PPSO-E’s Patient-Care Nurse, has worked there a little over two years and has seen tremendous change in the patients she works with daily. She is in charge of going from home to home to talk with patients and helps them with basic activities such as handing them their lunch or helping them go to the bathroom. She says the most challenging part of her job is to see the conditions in which many of the patients are left to live in due to the lack of extra help and care. She has witnessed patients that have had to sit all day long, wheel-chair bound, waiting on their children or a family member to arrive after a day’s work to hand them their plate of food and then physically help them go to the bathroom. It is agonizing work to know that so many of these patients exists without sufficient help to aid them in basic daily activities, most of which stems from the financial restrain many of the low-income individuals face. But she is filled with gratification when she sees patient’s face light up as she comes to visit them, because she says, just visiting them and acknowledging their presence means a lot to many who are already dealing with depression and anxiety manifested through the disease.

The biggest challenge PPSO-E faced, and still faces to a certain extent, is the recognition and awareness of the disease. Mrs. Kebede, also a Parkinson’s disease patient herself,relentlessly works towards promoting the awareness of the disease and continues to bring hope to the Ethiopian community of individuals affected by the disease. An annual walk has even been created on the 11th of April to spread the awareness of PD. The country has a long way to go to understand what the disease is and what the symptoms associated with it are. PPSO-E’s goal is to change the perception the disease has and to raise awareness to the public and health facilities in the country to recognize the symptoms early enough and provide primary care before symptoms get worse. Sadly, many people, to this day, in the country attribute the disease and its symptoms to a nerve problem, sometimes ignorantly blaming alcoholism and superstitiously considering it to be of “bad spirits” too. Changing the mind-set of the people in the country is the first true challenge and the next is gaining enough numerical data on the disease’s affect on the populace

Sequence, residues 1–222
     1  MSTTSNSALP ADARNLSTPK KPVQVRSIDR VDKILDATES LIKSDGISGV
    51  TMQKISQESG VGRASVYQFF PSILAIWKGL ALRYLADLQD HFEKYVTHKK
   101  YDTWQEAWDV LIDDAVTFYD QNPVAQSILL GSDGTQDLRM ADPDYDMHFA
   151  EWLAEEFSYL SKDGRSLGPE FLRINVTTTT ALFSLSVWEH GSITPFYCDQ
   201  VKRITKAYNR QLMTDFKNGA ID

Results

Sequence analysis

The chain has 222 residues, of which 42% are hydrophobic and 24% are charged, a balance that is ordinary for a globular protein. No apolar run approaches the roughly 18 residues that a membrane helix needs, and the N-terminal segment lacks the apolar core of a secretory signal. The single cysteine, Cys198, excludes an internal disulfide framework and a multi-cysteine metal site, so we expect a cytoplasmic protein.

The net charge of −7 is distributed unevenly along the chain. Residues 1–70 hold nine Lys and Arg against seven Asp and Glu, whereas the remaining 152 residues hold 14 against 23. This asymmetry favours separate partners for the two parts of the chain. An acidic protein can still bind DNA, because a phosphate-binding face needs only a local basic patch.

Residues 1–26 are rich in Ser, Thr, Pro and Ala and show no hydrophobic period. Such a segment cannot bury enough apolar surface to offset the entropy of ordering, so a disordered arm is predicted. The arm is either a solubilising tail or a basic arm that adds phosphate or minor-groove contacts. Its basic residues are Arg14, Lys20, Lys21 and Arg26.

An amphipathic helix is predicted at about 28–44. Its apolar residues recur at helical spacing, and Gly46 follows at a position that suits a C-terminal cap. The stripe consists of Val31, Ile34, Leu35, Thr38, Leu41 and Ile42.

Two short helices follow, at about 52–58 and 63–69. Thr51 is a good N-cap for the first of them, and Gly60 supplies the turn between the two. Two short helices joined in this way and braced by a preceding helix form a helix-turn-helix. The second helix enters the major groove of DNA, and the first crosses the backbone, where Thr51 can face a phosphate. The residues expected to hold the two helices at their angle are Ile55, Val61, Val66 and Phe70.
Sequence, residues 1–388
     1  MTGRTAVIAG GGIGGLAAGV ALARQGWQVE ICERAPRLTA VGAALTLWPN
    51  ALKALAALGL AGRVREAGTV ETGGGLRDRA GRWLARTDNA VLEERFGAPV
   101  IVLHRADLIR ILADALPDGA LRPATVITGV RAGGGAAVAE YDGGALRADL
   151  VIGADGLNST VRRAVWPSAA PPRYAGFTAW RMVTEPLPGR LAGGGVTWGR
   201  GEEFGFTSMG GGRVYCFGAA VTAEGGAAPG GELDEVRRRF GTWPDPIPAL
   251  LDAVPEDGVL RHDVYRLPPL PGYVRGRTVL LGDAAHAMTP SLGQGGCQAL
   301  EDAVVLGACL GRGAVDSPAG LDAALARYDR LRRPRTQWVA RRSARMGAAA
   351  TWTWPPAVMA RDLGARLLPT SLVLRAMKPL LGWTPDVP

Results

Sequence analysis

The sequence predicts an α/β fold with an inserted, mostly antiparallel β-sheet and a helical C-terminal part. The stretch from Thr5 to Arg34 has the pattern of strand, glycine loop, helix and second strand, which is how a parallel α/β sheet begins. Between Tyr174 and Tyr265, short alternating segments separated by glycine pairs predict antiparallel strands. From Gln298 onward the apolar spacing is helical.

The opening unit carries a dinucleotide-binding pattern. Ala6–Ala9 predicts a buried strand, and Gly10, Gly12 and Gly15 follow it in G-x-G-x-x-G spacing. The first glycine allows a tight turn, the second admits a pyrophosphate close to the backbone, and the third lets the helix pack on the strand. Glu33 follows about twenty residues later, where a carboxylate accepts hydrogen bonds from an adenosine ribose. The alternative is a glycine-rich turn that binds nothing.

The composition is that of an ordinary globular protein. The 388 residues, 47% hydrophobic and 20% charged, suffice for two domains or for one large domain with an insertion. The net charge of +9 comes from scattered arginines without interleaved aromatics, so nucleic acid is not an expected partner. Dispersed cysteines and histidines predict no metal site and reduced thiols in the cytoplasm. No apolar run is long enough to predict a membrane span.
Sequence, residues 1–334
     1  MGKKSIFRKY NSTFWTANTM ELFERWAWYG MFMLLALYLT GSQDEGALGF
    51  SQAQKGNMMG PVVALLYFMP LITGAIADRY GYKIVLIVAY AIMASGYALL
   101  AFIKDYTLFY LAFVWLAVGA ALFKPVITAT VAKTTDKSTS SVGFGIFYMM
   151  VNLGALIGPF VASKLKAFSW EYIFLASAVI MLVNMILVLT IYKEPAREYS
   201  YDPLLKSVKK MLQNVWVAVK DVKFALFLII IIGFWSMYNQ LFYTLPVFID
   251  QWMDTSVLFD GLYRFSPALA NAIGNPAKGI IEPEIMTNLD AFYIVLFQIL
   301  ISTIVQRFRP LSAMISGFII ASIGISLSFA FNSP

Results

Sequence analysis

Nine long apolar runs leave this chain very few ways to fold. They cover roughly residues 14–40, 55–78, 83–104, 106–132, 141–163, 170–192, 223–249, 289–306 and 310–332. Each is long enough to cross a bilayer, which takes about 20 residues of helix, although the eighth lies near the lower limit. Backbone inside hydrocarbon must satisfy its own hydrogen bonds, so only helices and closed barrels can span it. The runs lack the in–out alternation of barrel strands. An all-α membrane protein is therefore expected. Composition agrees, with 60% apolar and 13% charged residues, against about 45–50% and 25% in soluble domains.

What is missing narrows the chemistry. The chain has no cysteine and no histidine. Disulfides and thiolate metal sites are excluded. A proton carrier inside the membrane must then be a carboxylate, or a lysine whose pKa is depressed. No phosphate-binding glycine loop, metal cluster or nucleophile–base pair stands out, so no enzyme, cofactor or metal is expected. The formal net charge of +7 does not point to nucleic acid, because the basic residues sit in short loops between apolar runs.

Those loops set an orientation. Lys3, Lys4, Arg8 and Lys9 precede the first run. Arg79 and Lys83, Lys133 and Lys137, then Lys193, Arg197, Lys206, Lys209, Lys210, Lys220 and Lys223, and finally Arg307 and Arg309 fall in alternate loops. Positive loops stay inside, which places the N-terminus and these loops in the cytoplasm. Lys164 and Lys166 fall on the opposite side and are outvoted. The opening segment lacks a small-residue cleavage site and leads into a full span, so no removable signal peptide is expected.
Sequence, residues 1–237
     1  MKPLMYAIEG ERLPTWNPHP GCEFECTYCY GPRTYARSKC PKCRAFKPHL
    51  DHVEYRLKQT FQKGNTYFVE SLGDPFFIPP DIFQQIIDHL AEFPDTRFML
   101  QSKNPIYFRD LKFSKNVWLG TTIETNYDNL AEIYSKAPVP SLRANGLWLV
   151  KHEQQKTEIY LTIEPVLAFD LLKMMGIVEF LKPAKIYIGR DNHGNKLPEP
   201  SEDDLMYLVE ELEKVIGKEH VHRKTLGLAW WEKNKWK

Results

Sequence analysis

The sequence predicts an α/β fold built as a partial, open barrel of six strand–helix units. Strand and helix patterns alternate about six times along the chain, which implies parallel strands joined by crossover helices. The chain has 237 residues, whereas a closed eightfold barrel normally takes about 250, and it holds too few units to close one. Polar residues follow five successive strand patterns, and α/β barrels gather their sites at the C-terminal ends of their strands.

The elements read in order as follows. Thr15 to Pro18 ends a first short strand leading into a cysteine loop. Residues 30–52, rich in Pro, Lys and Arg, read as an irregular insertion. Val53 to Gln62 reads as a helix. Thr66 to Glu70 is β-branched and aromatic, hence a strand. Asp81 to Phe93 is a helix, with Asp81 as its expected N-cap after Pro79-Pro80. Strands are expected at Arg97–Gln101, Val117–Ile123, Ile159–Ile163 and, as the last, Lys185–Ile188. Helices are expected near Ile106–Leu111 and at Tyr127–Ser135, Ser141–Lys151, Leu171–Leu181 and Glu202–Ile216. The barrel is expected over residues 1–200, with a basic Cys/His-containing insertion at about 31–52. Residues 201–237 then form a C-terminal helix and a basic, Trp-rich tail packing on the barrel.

Parkinson’s Disease: Hope Through Research. Office of Communications and Public Liaison National Institute of Neurological Disorders and Stroke, National Institutes of Health

Parkinson’s News Today

Okubadejo N.U.,Bower J.H., Rocca W.A., and Maraganore D.M. Parkinson’s disease in Africa: A systematic review of epidemiologic and genetic studies.

Parkinson Patients Support Organization – Ethiopia

Jama O.H., Yared M.Y., Guta Z.M., and James H.B. Prevalence of pain in patients with Parkinson’s disease in Addis Ababa, Ethiopia

Dawit K.W., Yared M.Y., Douglas G.P., and Fikre E.G. Prevalence of depression in Parkinson’s disease patients in Ethiopia

Helen Asfaw. (2014). The Psychological and Economic Impact of Parkinson’s Disease on People Infected and Affected by the Disease. Addis Ababa University, School of Social Work.